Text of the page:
Hospital Where I am to Deliver- 17 Babies Given OD of Heparin!
Posted 09 July 2008 - 12:00 PM
One of the babies has died, but they are unsure if it was related to the heparin OD.
Newborn dies; not known if drug had role : Corpus Christi Local | Caller-Times |
Infant seriously ill before blood thinner error
By Jaime Powell (Contact)
Originally published 03:54 a.m., July 9, 2008
Updated 03:54 a.m., July 9, 2008
One newborn is dead after a Christus Spohn Hospital South pharmacy error that led to as many as 17 babies getting as much as 100 times the recommended dosage of the blood thinner heparin.
It's still unclear what role, if any, the heparin played in the infant's death, because the child already was seriously ill and being cared for in the neonatal intensive care unit before dying Tuesday morning, said Dr. Richard Davis, chief medical officer for Christus Spohn Health System.
Heparin routinely is used in the hospital's neonatal intensive care unit to flush intravenous lines and prevent blood clots from forming. The dosing error was discovered by nurses Sunday night, during routine blood work, hospital spokeswoman Sherri Carr-Deer said.
"With babies, that is usually a heel stick and the nurses noticed that the blood was not clotting," Carr-Deer said.
They discontinued the drug's use immediately and gave newborns who needed it medications to counter its effects.
One infant remains in critical condition in the unit, and was in that condition for several days before the heparin dosages, Davis said. Three infants have been discharged and 12 are stable and remain in intensive care. Officials said an autopsy on the deceased infant will be conducted but did not say when that would occur.
A preliminary investigation indicates that the error happened during a process Thursday in which pharmacy personnel mixed the heparin with other solutions, including saline.
There was a double-verification process in place in which the pharmacy technician prepared the medication and the pharmacist signed off on it.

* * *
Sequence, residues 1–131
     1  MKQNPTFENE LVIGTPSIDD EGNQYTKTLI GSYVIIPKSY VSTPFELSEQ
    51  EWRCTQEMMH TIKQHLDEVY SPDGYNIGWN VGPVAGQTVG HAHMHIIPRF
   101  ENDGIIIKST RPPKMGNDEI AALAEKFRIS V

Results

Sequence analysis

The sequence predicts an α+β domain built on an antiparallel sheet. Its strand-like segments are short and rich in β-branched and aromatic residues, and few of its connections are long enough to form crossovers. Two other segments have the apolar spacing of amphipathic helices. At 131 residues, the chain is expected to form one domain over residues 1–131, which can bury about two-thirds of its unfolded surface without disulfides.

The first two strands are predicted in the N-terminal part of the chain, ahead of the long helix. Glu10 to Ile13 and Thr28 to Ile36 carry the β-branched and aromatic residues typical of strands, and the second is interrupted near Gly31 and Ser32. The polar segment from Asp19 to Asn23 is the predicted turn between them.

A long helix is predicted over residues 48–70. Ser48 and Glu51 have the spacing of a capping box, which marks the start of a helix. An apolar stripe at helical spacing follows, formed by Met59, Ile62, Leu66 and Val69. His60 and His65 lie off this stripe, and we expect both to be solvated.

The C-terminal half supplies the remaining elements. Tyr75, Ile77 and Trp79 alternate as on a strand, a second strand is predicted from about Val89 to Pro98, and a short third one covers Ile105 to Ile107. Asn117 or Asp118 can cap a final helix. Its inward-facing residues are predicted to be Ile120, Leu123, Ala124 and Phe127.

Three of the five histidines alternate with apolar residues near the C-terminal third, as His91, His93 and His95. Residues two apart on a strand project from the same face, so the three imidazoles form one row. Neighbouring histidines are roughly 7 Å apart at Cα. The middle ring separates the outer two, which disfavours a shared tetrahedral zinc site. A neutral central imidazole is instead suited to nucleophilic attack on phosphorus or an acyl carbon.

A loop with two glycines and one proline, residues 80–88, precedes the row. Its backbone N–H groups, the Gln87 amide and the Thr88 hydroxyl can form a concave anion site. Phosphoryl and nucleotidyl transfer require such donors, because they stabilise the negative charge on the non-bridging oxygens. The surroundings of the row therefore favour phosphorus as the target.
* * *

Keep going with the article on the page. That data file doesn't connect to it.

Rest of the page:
The heparin first was administered in the neonatal intensive care unit Friday. It's unclear how many of the children were dosed, because there were syringes from a different drug batch in medical cabinets in the unit, Davis said.
"Our pharmacies have very specific processes to follow in the preparation of medications," said Bruce Holstien, president and CEO of Christus Spohn Health System. "Obviously in this case something went terribly wrong."
The hospital's immediate actions included a review of policies and procedures with pharmacy staff and the implementation of a third layer in the drug verification process, meant as a stopgap measure to prevent similar incidents, Holstien said.
Two members of the hospital's pharmacy staff have taken voluntary leave, pending an investigation that could take as long as two weeks, Holstien said, adding state and federal agencies including the Texas Department of Health Services and the U.S. Food and Drug Administration have been notified.
Emily Palmer, a spokeswoman with the Texas Department of Health Services, said the agency is aware of the situation, but said she could not disclose whether there is a complaint or investigation because of confidentiality rules.
"We license hospitals and within that licensing there are a number of things we can do," she said. "We can make visits, we can make recommendations, we can make requirements and there can be penalties. This is speaking in general about hospital licensing."
The incidents also have been reported to the Joint Commission on Accreditation of Healthcare Organizations, an independent, nonprofit agency that accredits and certifies more than 15,000 hospitals in the U.S. including those in the Spohn system, Holstien said.
During the past 18 months, there have been roughly 250 medical errors nationwide involving heparin and children a year or younger, according to U.S. Pharmacopeia, the public standards-setting authority for all prescription and over-the-counter medicines, dietary supplements and other health-care products manufactured and sold in the United States.
In September 2006, three infants died in an Indianapolis neonatal intensive care unit after receiving a 1,000-fold overdose of heparin. And in November 2007, the infant twins of actor Dennis Quaid and his wife, Kimberly, were the victims of a nearly identical mistake, an overdose of heparin at Los Angeles' Cedars-Sinai Medical Center, where the pharmacy dispensed the wrong dose to the nursing station, according to reports from the Associated Press.
In December 2007, Baxter Healthcare Corp., the drug's maker, introduced a new drug safety initiative that includes labeling with a 20 percent larger font size, a different color combination, and a red cautionary tear-off label.
On vials of the drugs meant for adults, the label now warns that it should not be given to infants.
Davis said labeling likely had nothing to do with the Spohn incident because the pharmacy mixed the drug batch itself.
Posted 09 July 2008 - 12:12 PM
hopefully now all hospitals will review P&P so it doesn't happen again. really, like 3 major newsworthy incidents in less then 5 years?
Posted 09 July 2008 - 12:16 PM
Very scary though! Those poor babies!
Posted 09 July 2008 - 12:17 PM
Posted 09 July 2008 - 12:24 PM
Posted 09 July 2008 - 12:39 PM
I can't believe one baby has died....breaks my heart!
We will see what happens in the next 4 month.
Posted 09 July 2008 - 01:24 PM
Still, this is unacceptable and should not have happened!!!! My heart goes out to all those babies and their families, including the baby that past away. How sad!
Posted 09 July 2008 - 01:25 PM
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